MANDEVILLE, La. -- Deuce McAllister is done trying to be a superstar and done trying to carry a team on his back, as he did with the New Orleans Saints earlier this decade.
The 30-year-old power runner, now a free agent, doesn't want to be the embittered player living in denial about the effects of age and injuries on his game. He does, however, still want to win a Super Bowl -- as a player.
"Keep living," McAllister said philosophically. "Either injuries are going to take you out or age will catch you, and you have to kind of redefine your role if you want to continue to play.
"I'm content," McAllister said. "I've been the guy before, so I'm beyond that. The ultimate goal is to win a championship and to be able to help a team out."
Drafted by the Saints out of Mississippi in 2001, McAllister is the franchise's all-time rusher with 6,096 yards. His 55 total touchdowns and 49 rushing scores also are New Orleans records.
Released by the Saints after last season, McAllister has spent part of the offseason visiting with doctors at Duke University and the rest in Gulf Breeze, Fla., working out about five hours a day at a sports medicine institute run by noted orthopedic surgeon Dr. James Andrews.
Just about every morning, McAllister is on a mini football field at the facility, doing traditional resistance training such as pulling sleds. With a military base nearby, he sometimes works out alongside special-forces soldiers, admiring their techniques and stamina.
"Those guys are pretty neat," McAllister said, cracking a smile. "They can probably run 30 minutes at a time, but their lateral movement is not the best."
McAllister's goal was to figure out why his knees have taken such a beating in recent seasons. He has torn anterior cruciate ligaments in both legs, first his right one in 2005 and then the left in 2007. He has needed minor cleanup operations since and played hurt throughout last season, having fluid drained from his left knee on a routine basis.
|Laurence Griffiths / Getty Images|
|Deuce McAllister holds the Saints' all-time records for rushing yards (6,096), total touchdowns (55) and rushing touchdowns (49).|
McAllister said doctors have advised him to work on strength and flexibility in his hips, ankles and core, something he didn't focus on as much in the past.
"It's really just working on everything around the knee to take some of the pressure off of the knee," McAllister said.
McAllister hopes within a few weeks to be ready to start visiting teams interested in signing him. He also wouldn't rule out returning to the Saints, which he said would be "a dream come true. ... But if it's on a visiting team, then so be it. All that will play itself out."
Certainly, McAllister remains popular with Saints fans.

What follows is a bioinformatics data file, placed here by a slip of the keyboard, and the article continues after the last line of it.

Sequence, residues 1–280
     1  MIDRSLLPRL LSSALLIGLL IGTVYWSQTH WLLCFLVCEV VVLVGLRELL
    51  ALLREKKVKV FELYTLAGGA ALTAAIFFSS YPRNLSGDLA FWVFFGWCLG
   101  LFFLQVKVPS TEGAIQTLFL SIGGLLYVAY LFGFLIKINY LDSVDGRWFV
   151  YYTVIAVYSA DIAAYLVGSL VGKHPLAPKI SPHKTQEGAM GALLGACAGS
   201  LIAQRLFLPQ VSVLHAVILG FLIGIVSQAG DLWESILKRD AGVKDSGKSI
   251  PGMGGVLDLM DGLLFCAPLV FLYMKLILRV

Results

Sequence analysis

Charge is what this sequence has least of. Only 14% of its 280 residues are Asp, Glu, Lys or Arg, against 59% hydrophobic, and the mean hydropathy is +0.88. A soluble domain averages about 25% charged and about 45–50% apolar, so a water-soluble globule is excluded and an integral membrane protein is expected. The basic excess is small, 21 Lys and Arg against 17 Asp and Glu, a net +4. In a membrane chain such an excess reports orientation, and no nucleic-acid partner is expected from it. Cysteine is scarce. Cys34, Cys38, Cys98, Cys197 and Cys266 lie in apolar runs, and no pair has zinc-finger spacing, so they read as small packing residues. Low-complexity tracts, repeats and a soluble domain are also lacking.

On Friday, McAllister traveled back to the New Orleans area to continue his long-standing charity work in the region. His Catch 22 Foundation joined with local company Allfax Specialties Inc., hosting a golf tournament to raise money for Children's Hospital of New Orleans. More than 200 golfers, including a number of current Saints players, participated in the event, which raised about $180,000.
"The fans appreciate what he's brought to New Orleans," Saints right tackle Jon Stinchcomb said of McAllister. "They understand the business side to the NFL, but I think they have a genuine love for Deuce McAllister."
If McAllister eventually signs with a team, the possibility of a four-game suspension could be hanging over him. Last year, he was among several players whose use of an over-the-counter dietary supplement yielded positive tests for the banned diuretic bumetanide. The players have appealed their suspensions, and the case is pending in federal court.
McAllister said he remained confident in the players' case.
"I feel very good about it," he said. "There's not a lot I can really say. I think all that will come out."
McAllister also is in litigation to save his closed Nissan dealership in Jackson, Miss. He's trying to pull it out of bankruptcy. His other dealership, which features higher-end brands like Land Rover and Jaguar, remains open.
McAllister, who grew up in the Jackson area, said he is still working on the redevelopment of historic downtown buildings there. He said the recession has complicated the project, but that new tax credits have helped keep it viable.
Still, McAllister said his primary focus is latching on with a team that would be willing to give him another chance -- and at least 10 to 15 carries per game.
"I'm still going to play," McAllister asserted. "I want to play a couple more years."
Copyright 2009 by The Associated Press